There’s a lot we love about aging but crow’s feet around the eyes may not be one of them. It could be freedom of choice, financial security, “adulting” in mature relationships, or even following self-care advances.
But crow’s feet (or deeper wrinkles and fine lines) may not be among the things we feel good about aging.
Everyone wants to know about crow feet’s causes and remedies, albeit it being completely normal and natural. But should they bother you, I have broken down everything you need to know about crow’s feet!
Crow’s Feet: Causes, Treatments, And Prevention
- 1 Crow’s Feet: Causes, Treatments, And Prevention
- 2 The Science Behind Wrinkles
- 3 What Causes Crow’s Feet?
- 4 How To Get Rid Of Crow’s Feet?
- 5 Home Remedies For Crow’s Feet Around Eyes
- 6 How To Prevent Crow’s Feet From Appearing?
It is no shocker that our eyes are more susceptible to showing the signs of aging. After all, 40% of the skin there is thinner than the rest of the body. Smiling, squinting, frowning, or any facial expression that uses muscles around the eyes can bring crow’s feet to light, or form if you are younger.
The tiny muscle contractions you make pushes crow’s feet to develop over time. Does that mean you are going to stop using facial muscles now? Though inevitable and—honestly—impossible, stopping habitual facial expressions sounds completely insane.
Your eyes play a vital role in communication. Plus, the skin around the eyes is the telltale sign of your living habits —from sleeping(1) late to stressful days. However, the lack of fatty tissues makes it also the thinnest and most delicate area on the body. Thus, those pesky little lines spreading out from the corners of the eyes become more apparent. A completely gradual change the skin undergoes, I might add.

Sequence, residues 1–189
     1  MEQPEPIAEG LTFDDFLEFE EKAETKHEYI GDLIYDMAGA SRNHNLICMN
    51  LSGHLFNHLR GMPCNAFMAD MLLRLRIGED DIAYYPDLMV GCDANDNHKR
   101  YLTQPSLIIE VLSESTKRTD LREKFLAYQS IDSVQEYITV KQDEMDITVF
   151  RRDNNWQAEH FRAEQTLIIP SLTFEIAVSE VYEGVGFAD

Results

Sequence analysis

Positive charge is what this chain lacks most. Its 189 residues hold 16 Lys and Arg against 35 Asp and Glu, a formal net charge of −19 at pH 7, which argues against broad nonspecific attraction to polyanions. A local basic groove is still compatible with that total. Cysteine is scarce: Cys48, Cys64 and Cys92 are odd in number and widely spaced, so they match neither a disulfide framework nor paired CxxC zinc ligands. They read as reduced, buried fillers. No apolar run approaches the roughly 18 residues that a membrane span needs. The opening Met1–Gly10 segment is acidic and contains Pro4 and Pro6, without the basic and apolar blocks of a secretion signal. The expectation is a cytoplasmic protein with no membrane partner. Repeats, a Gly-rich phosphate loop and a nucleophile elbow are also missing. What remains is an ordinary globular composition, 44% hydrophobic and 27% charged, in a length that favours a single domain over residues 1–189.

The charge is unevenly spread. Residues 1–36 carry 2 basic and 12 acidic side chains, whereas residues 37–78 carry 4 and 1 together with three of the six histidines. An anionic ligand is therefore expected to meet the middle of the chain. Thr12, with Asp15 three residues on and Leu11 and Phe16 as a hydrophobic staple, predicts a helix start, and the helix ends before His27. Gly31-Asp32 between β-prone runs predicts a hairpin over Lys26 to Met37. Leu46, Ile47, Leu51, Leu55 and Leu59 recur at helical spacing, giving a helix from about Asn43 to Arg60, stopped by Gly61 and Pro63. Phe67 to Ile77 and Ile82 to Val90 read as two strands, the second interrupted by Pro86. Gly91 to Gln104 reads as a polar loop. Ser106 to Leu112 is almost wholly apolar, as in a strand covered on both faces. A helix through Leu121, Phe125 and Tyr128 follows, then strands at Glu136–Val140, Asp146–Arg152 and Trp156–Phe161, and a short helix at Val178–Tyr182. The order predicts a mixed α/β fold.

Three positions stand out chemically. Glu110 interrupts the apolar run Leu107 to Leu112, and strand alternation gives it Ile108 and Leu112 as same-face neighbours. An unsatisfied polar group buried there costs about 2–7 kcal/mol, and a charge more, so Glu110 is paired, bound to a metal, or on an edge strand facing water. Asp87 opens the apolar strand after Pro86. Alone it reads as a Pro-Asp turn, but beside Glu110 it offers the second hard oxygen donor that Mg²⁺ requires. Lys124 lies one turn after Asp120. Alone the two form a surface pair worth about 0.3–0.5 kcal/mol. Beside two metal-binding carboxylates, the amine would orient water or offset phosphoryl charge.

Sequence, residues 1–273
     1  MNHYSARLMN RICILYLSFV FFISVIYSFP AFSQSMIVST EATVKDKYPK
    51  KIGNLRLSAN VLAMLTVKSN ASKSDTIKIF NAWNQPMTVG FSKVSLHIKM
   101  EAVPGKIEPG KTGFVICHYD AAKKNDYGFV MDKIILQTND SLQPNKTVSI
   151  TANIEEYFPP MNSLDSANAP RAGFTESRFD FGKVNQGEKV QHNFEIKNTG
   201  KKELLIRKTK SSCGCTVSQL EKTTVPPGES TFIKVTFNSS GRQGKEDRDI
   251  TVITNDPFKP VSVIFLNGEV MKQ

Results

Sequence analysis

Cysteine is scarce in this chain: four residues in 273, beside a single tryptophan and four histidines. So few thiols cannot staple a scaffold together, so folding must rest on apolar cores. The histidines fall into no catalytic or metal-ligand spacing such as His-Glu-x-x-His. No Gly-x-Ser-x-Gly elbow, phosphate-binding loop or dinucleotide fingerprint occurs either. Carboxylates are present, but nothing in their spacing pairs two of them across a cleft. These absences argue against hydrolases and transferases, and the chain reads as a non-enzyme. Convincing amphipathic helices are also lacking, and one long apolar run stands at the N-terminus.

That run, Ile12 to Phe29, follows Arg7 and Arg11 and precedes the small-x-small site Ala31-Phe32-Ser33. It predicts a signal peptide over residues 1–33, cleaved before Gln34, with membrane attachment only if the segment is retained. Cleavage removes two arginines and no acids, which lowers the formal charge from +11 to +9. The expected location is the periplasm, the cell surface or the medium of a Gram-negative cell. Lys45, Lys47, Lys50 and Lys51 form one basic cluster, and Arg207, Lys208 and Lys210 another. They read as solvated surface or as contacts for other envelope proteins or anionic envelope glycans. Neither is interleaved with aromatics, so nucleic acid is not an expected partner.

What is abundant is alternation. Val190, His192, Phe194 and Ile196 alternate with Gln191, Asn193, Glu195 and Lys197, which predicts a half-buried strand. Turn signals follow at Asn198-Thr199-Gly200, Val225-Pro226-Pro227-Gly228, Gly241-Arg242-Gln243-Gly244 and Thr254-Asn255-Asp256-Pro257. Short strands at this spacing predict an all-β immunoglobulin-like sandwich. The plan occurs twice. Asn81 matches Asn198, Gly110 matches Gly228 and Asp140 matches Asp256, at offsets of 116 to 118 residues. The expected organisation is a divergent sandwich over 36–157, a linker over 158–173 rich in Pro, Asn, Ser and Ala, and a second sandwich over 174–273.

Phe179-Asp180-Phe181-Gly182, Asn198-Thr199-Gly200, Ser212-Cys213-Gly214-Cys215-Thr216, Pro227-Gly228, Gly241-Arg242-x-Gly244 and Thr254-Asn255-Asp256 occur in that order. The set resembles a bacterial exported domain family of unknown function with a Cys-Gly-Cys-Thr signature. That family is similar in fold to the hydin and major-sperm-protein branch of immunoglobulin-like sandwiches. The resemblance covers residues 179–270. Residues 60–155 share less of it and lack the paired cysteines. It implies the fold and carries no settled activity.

Crow’s feet are a common concern despite them being signs of a well-lived life. They mean that you are doing something right! But they are not just caused by laughing and having a good time. There are several factors besides aging that cause crow’s feet, especially in younger adults. Those deep fine lines, creases, and divots may not merely be laugh lines.
Regardless, you have all kinds of remedies and prevention methods for crow’s feet. In some cases, you can completely reverse the lines (at least temporarily). Additionally, you have steps to do at home to reduce or conceal the appearance of crow’s feet. But before we get into that, let’s see what are the causes of crow’s feet.
The Science Behind Wrinkles
There are two types of wrinkles —dynamic and static. Dynamic wrinkles are those that form or appear when the muscles contract. On the other hand, static wrinkles may worsen during muscle contraction. The difference between the two is that while dynamic wrinkles primarily appear when you are smiling, static wrinkles are visible all the time. Even when the face is at rest. If your crow’s feet appear only while smiling, they are probably dynamic and one less thing to worry about.